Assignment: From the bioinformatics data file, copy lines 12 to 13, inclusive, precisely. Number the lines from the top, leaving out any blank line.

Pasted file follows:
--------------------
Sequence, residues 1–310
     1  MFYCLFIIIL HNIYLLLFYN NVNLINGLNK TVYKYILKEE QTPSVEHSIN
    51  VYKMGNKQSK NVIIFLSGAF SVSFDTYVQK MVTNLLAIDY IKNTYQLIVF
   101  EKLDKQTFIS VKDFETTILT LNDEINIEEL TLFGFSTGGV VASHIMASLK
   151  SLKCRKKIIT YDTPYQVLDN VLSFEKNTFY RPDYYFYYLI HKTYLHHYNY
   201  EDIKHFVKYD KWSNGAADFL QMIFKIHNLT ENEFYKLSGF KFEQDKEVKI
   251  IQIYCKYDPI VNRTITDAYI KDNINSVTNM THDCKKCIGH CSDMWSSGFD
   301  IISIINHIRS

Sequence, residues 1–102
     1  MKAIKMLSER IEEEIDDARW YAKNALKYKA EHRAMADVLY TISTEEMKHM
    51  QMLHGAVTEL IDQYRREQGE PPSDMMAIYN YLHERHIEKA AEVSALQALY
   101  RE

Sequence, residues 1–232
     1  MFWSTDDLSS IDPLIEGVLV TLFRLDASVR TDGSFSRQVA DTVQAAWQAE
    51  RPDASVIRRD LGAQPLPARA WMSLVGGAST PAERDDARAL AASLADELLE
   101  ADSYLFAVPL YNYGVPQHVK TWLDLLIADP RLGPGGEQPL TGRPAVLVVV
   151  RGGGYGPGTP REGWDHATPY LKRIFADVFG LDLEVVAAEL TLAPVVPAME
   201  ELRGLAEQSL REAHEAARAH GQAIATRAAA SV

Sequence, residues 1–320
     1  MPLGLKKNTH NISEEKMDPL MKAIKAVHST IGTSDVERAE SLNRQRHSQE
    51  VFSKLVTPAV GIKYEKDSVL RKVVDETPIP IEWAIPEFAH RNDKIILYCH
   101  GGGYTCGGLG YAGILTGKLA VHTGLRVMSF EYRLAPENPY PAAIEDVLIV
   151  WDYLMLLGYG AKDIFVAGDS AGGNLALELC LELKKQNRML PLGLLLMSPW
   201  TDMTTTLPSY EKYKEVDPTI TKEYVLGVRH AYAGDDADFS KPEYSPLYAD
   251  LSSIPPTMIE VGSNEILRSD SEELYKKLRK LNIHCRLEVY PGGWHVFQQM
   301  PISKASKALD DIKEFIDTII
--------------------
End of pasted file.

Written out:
   101  RE

Sequence, residues 1–232